Ringing the bell of doom for ESPN has become a popular pastime in recent years as the network continues to suffer significant subscriber losses to cord cutting, resulting in waves of layoffs intended to reduce costs and appease Disney shareholders. That has led some media observers, such as Fox Sports’ Clay Travis, to declare that ESPN is in major trouble, more dire than most are acknowledging.

However, while the subscriber losses are eye-opening, is ESPN’s revenue stream really as poor as pundits like Travis are forecasting? That’s a topic we’ll be exploring in more depth at Awful Announcing. But in looking at the number of households that ESPN is losing, those who might feel they’re in position to capitalize aren’t benefiting from ESPN’s slide. In other words, ESPN’s losses aren’t resulting in gains for FS1. Far from it, actually.

The cable coverage for February were released on Tuesday. No, the numbers don’t look good for ESPN, but they look worse for FS1. According to the estimates available at Sports TV Ratings, ESPN lost 422,000 households in February. That should be plenty to continue the “ESPN is in trouble” narrative. So did FS1 lose fewer households during the same span? No, the network lost 565,000 households last month. A low tide is sinking both ships.

Those who might call out Travis for pointing out ESPN’s losses while overlooking FS1’s should probably note that ESPN is the bigger story, since it’s in more households than any other cable sports network. (Travis will also point out that he’s not currently on FS1 and that he owns the website where his commentary is hosted, not Fox Sports. Having said that, Travis still works for Fox Sports.) However, FS1 is in nearly as many households, so to be losing more of them than ESPN is something that deserves attention along with the doomsaying for ESPN.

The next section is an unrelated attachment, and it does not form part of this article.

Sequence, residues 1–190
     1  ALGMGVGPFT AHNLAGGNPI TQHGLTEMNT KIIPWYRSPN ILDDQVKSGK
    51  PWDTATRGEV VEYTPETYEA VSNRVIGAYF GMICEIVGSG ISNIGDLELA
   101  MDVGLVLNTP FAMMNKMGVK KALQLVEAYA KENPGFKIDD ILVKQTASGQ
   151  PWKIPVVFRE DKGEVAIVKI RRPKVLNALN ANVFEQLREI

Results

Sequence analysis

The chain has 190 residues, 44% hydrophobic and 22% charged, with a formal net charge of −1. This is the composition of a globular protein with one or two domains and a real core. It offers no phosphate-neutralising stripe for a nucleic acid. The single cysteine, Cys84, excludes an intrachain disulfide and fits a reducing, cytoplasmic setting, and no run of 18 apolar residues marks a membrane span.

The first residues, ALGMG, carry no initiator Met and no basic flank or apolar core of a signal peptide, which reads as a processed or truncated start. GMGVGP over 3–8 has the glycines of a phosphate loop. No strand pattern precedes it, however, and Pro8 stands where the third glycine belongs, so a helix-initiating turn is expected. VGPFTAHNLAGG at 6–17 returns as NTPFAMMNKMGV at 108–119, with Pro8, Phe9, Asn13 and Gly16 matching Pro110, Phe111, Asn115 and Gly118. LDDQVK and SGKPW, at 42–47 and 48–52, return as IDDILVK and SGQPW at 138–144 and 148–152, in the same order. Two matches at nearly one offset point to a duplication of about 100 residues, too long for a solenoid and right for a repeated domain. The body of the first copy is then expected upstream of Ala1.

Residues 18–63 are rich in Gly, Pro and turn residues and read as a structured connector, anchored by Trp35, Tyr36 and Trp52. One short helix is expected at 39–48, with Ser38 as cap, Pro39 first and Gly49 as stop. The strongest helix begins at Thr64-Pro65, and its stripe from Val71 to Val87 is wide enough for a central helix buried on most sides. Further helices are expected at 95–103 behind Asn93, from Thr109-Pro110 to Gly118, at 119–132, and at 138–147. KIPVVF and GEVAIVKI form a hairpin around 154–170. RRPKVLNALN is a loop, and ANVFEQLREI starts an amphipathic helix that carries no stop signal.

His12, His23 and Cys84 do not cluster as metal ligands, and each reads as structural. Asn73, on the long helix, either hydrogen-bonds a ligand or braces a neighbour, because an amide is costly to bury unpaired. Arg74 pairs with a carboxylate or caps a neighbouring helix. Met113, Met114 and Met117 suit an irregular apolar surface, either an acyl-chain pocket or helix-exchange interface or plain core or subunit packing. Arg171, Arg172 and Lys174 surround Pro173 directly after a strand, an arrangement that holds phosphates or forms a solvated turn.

By the way, for the talk that viewers are steering away from ESPN because of politics (and increased left-wing leanings), explain the ratings for last Saturday’s Duke-North Carolina telecast.

Yes, ESPN’s losses are a story. It’s a huge story in sports media and sports overall, considering how many live sports the network carries and the brand that it’s established. But the number of households that FS1 lost over the same period also should be noted. To not mention that comes off as ignoring the bigger picture to fit a narrative.

[Sports TV Ratings]

About Ian Casselberry

Ian is an editor for The Comeback and Awful Announcing. He has covered baseball for Yahoo! Sports, MLive.com, Bleacher Report and SB Nation, and provides analysis for several sports talk radio shows each week. He currently lives in Asheville, NC.

  • robbyburns

    The last part of this article is why people watch ESPN, for live sports especially a rivalry like Duke and North Carolina, of I’m the FOUR LETTER NETWORK that’s what, people are tuning out for various other reasons, cost (cord cutting), Netflix, politics, too many talking heads, but no one is getting rid of ESPN because of live sports (unless you are a NHL and NASCAR fan) hopefully ESPN shifts to as much live sports as possible.

  • Jared Theurer

    The football season is over. More people watched the Super Bowl than ever. Fox relies on football for viewership more than ESPN does, which still has deeper connections in various sports. However, I’m not denying that numbers for both networks are falling. Cord cutting is real. February is just not a good month for sports on any network.

  • Bscotch Bscotch

    What are you going to write about once Seidman is prevented from running a business on the strength of proprietary data he doesn’t pay for?

  • Respected Citizen

    FS1 could fold tomorrow and the games would just shift to FOX, FX, and the RSNs. A lot of the money spent on rights contracts would be recouped.

    ESPN, however, is in serious trouble.

  • dv Vaughn

    It’s not the coverage it’s sports in general people are losing interest period.

  • Paul Hue

    FS1 is equally as politically charged as ESPN and in the same one-sided manner: only leftists views are uttered. Not that we righties even want our own views espoused on sports shows. But both networks not only exclusively advocated leftist views by their hosts, but the only guests who ever comment politically do so from the left, and some of the guests are actually professional leftist rabble rousers. Do even lefty sports viewers want this?

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